Reconstructive Surgery is often required for skin cancers which are too big to be excised and directly closed, or skin cancers in areas of the body where there isn’t a lot of skin laxity. Most commonly, techniques used to reconstruct small to moderate sized skin cancers on the limbs and face are local flaps or skin grafts. A Local Flap repair is where a geometrically designed pattern is made adjacent to the defect (where the cancer had been cut out), so that the defect can be closed using available laxity in the nearby skin. This technique is very often used on the nose (e.g. a Bilobe Flap), on the face (e.g. a Rhomboid flap or V-Y advancement flap) or the forehead (e.g. an A-T flap or H-flap).
There are two types of Skin Grafts: Split Thickness Skin Graft (or STSG), and Full Thickness Skin Graft (or FTSG). STSG is where a shaving of skin is taken from a ‘donor site’ (commonly from the thigh). This is then placed and secured into the defect with sutures or staples. The donor site often heals with simple dressings within 10-14 days. The wound on the donor site are similar to a gravel rash; it can ooze blood stained fluid through the dressings and be ‘stingy’ in the first 3-5 days. This is the most common method of skin grafting for lower legs, as well as some scalp defects. The donor site is often left with a permanent but very faint patch of discolouration.
FTSG is where a full thickness piece of skin is cut out from the body (donor sites are usually the upper inner arm, behind or in front of the ear, lower neck or the groin). This skin is then sewn into the defect, sometimes with a pressure dressing (also known as a ‘tie-over’). The donor site is left with a straight line scar which is barely visible after 2 months.
With any skin graft, there is always the risk of graft failure, where all or part of the skin graft fails to ‘take’ on the raw surface. This could be due to a variety of causes, such as infection in the wound, bleeding under the graft, swelling in the area, or too much movement under or around the graft. When grafts fail, they undergo a slow necrosis, where the graft will firstly turn yellow and sloughy, then black before falling off like a scab. Majority of the time, the wound will continue to heal itself slowly over 4-6 weeks; it is only in very rare instances where another graft is required to help healing of the wound.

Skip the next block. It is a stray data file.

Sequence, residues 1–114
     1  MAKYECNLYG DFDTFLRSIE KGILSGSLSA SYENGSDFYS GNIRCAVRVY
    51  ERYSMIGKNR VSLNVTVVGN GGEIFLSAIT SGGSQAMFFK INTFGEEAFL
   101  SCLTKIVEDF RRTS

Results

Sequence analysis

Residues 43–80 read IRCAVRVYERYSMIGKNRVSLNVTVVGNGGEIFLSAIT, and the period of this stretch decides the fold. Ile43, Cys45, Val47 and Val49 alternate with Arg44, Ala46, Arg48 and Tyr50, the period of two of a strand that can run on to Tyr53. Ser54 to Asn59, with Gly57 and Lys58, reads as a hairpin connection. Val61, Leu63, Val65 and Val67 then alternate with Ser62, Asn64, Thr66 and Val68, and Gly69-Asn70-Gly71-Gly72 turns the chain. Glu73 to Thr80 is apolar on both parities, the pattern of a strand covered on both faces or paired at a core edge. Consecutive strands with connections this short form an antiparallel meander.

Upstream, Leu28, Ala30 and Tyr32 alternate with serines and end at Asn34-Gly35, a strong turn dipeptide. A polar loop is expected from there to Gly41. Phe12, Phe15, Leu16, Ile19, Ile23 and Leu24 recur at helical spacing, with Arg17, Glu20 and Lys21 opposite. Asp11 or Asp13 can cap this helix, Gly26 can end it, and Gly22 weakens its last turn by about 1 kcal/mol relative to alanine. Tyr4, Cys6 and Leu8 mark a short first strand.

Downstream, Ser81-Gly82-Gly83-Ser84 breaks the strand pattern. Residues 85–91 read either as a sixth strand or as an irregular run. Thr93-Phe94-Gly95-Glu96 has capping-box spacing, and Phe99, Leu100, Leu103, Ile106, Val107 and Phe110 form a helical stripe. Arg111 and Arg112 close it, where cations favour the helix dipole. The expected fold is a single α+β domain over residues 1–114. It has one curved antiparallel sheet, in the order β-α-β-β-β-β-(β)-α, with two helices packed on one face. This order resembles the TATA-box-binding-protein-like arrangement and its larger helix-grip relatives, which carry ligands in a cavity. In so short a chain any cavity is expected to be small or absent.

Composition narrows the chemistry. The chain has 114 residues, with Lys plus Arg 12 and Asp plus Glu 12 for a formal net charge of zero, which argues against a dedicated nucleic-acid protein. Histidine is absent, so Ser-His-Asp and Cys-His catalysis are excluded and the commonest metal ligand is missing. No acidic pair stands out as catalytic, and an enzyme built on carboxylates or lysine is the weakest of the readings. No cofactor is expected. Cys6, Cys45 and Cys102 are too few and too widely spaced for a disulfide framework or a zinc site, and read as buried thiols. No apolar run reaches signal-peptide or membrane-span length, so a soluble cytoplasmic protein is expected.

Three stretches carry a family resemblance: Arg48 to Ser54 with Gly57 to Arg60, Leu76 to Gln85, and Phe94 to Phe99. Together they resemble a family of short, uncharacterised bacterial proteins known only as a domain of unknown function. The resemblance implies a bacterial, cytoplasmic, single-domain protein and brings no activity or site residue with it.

More commonly, grafts ‘take’ with very little failure, which is usually around the rim where surrounding skin movement prevent graft edges from adhering. Grafts first appear blue to purple in colour, then it becomes very thin and appear pinkish red (due to the in-growth of underlying blood vessels into the graft). Grafts take up to 2 weeks to heal and 8 weeks to ‘settle’, by which time it should be a faintly discernible patch that can be easily camouflaged with a thin layer of foundation or tinted sunscreen.
If the cancer is very big, or if it has spread to the lymph glands or elsewhere in the body, major surgery may be required. The different techniques used in treating extensive skin cancers can be life saving, but they may leave a patient with less than pleasing cosmetic or functional results. Depending on the location, size and severity of the cancer, the consequences may range from a small but unsightly scar to permanent changes in facial structures such as your nose, ear, or lip.
In such cases, no matter who performs the initial treatment, the plastic surgeon can be an important part of the treatment team. Plastic and reconstructive surgeons have a wide array of reconstructive techniques - ranging from re-arranging local tissue to a complex transfer of tissue flaps from elsewhere on the body. With reconstructive surgery, we are able to repair damaged tissue, fill-in tissue defects, rebuild body parts, and restore most patients to acceptable appearance and function.
The Aim of any skin cancer surgery has two components:
- To adequately remove the cancer
- Then to reconstructing the defect to achieve both good cosmetic and functional outcomes.
The important point to note is that the earlier a skin cancer is detected and treated; the operation required is usually a lot simpler.